Image caption,

The report looked at data from Cornwall, Devon and Somerset

People in the south west of England face some of the “most profound social and educational divides in the country”, according to a report.

Researchers at the University of Exeter discovered the region suffered from poor exam grades, low wages and limited opportunities.

It said a “lack of impetus for change amongst some leaders” was “harming” the lives of residents.

The government said it was taking “action” to create “well-paid jobs”.

The report looked at data from Cornwall, Devon and Somerset, and was the result of a year-long review.

Image source, University of Exeter

Image caption,

Prof Lee Elliot Major said he hoped the report served as a “wake-up call”

Prof Lee Elliot Major, who specialises in social mobility and worked on the report, said: “Our evidence demonstrates to central government that levelling up efforts must prioritise the South West.

“Improving social mobility is about ensuring that all people fulfil their potential and lead full lives in the communities they come from.”

Prof Major, based at the University of Exeter, added: “We hope that this will be a wake-up call for a region which faces some of the most profound social and educational divides in the country.”

Prof Sir Steve Smith, an education champion for the government, said the report was “damning and shocking”.

“It lays bare the huge challenges facing the peninsula and makes a compelling case for improving the prospects of future generations,” he said.

Researchers discovered that just 40% of disadvantaged pupils attained a standard pass in GCSE English and Maths in 2019 compared with almost 60% in inner London.

And just 17% of disadvantaged students went on to university in 2018/19 compared with 45% in London.

  • Low earnings and poor pay are common in many parts of the region with four of Devon’s eight districts among the UK’s top 25 low wage “hotspots”
  • Poor mental health outcomes for both children and adults
  • Teacher recruitment, retention and training are challenges for isolated schools
  • Schools have on average lower levels of funding than elsewhere
  • The area has long travel times to pursue further education or work which has been linked to higher drop out rates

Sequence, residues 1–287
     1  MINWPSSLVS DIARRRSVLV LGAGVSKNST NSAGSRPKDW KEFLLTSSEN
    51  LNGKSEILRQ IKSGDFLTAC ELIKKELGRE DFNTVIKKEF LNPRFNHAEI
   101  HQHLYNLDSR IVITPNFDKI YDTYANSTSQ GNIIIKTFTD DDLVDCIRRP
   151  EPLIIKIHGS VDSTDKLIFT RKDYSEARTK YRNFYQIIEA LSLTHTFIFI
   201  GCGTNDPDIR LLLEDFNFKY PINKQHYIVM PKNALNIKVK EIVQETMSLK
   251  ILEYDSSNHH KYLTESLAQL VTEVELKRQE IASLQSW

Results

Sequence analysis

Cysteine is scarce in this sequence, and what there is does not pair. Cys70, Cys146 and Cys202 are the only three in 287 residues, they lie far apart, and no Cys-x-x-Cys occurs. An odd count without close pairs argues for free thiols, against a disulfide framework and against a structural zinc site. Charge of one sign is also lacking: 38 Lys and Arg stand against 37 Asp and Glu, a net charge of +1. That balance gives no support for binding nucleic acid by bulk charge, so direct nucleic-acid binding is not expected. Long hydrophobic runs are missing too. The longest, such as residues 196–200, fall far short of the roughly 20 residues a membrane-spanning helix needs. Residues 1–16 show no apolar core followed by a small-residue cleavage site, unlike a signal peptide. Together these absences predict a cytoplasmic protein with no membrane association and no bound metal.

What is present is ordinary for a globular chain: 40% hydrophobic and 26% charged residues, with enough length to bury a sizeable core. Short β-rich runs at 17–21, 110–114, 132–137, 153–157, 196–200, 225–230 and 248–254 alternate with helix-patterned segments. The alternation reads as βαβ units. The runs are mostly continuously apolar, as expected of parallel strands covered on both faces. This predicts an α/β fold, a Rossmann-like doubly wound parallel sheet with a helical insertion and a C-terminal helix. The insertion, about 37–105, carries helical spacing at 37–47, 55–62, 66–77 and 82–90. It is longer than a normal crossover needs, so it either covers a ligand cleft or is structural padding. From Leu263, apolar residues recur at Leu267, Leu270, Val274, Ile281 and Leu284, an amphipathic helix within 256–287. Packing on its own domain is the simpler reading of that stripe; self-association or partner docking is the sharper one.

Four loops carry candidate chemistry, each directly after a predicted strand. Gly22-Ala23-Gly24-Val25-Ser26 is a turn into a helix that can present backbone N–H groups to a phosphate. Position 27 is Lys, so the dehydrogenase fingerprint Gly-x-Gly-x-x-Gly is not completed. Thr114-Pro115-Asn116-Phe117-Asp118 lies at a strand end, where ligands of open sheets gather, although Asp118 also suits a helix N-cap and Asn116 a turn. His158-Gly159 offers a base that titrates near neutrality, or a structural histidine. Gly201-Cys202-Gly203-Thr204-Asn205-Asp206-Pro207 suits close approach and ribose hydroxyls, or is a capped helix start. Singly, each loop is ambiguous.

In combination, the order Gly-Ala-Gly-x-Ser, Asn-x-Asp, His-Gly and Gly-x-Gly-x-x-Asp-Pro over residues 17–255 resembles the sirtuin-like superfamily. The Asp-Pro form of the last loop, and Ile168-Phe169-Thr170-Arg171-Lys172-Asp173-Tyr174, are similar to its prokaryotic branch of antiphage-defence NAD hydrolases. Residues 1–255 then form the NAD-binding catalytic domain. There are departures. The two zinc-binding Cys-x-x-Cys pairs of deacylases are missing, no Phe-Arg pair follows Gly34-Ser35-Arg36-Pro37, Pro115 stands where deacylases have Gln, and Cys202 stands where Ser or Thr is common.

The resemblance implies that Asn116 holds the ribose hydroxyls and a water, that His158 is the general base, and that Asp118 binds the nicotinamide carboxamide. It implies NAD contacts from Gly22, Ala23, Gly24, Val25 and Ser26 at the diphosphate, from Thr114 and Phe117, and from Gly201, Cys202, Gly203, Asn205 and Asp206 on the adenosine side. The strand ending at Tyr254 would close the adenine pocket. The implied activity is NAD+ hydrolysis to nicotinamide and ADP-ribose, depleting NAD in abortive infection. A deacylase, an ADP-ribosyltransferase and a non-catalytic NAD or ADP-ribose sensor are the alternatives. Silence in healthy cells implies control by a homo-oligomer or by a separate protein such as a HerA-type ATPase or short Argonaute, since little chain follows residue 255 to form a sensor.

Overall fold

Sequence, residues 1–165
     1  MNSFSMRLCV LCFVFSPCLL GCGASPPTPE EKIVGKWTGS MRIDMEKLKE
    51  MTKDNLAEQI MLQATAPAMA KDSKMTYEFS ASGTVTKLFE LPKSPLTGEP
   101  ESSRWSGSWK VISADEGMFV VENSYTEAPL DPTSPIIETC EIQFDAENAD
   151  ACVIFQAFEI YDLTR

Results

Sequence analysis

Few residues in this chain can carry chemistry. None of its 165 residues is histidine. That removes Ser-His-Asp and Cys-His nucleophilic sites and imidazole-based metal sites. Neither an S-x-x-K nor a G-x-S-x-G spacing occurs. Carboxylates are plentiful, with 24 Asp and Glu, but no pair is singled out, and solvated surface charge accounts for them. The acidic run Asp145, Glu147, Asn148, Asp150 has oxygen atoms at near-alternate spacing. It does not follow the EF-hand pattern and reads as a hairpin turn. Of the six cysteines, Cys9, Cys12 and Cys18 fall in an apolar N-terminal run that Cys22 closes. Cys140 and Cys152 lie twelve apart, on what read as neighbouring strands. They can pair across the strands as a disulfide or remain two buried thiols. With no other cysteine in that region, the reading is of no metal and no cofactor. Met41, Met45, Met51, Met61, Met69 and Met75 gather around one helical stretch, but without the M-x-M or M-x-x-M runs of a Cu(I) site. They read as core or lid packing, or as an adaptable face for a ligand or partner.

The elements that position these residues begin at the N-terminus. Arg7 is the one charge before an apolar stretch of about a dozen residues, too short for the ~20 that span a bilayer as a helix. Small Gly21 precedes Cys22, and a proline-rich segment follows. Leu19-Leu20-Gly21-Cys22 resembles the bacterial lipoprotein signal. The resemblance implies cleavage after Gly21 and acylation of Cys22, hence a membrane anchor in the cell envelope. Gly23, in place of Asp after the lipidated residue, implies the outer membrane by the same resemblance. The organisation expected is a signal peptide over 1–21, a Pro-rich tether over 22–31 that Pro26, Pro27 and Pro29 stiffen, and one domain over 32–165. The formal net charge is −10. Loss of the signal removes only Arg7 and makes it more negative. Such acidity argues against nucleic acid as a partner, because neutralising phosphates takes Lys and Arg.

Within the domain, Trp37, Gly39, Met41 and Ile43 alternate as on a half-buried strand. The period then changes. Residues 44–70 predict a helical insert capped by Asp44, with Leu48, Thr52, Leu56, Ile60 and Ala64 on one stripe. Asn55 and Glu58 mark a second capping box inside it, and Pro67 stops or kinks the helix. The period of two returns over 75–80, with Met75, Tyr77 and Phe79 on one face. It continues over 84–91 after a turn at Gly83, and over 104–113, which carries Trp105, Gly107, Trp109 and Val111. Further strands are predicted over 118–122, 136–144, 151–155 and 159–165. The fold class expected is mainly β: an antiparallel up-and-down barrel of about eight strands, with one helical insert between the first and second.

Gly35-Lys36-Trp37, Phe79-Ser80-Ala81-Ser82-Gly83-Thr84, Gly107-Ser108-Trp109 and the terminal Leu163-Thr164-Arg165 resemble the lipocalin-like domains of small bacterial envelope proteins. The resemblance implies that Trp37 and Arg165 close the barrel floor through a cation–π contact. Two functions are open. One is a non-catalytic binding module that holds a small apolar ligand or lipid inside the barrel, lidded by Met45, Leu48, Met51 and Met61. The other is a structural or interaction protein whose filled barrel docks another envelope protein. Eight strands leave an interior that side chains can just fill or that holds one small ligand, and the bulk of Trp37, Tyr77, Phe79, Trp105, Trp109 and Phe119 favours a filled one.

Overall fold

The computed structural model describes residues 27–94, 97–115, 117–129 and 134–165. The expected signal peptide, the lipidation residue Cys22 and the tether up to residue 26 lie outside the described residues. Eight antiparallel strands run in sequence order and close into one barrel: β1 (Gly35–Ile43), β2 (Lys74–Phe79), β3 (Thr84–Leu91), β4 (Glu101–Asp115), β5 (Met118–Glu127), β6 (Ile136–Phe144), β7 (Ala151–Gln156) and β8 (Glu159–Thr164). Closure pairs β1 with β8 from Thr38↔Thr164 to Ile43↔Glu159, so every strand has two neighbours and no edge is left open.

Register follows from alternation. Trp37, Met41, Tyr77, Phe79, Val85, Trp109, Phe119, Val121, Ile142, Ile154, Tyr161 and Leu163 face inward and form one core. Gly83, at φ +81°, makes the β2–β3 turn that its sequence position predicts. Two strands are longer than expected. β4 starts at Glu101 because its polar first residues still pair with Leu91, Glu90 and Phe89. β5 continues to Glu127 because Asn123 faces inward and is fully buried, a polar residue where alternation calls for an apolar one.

• Fewer professional jobs are available in most areas, which has contributed to a youth exodus

The report made some suggestions to address the challenges:

  • A university-led tutoring scheme targeted to disadvantaged pupils in need of extra literacy and numeracy help
  • School-centred community hubs to provide support for people aged up to 21. These hubs would be coordinated by schools and tailored to specific community needs
  • Flexible post-16 learning, combined with a free 16-19 travel pass, to reduce the cost and risk of pursuing further study and training
  • A greater focus on disadvantage, to close the gap in schools. It includes regional schools commissioners leading a regional drive to instil best practice in schools and academy trusts; and a concerted effort to improve parental engagement

The government said: “We want to fire up the South West’s economic engine and are taking decisive action to spread opportunity and investment, creating well-paid jobs across the region.

“Our landmark Levelling Up White Paper includes targeted investment and support in education and plans to provide more power to local leaders across the south west.

“This is on top of more than £490m for levelling up projects in towns and cities like Bournemouth, Plymouth and Glastonbury, as well as new quality jobs created by the Lithium Recovery Plant in Cornwall.”

Follow BBC News South West on Twitter, Facebook and Instagram. Send your story ideas to spotlight@bbc.co.uk.

Related Internet Links

The BBC is not responsible for the content of external sites.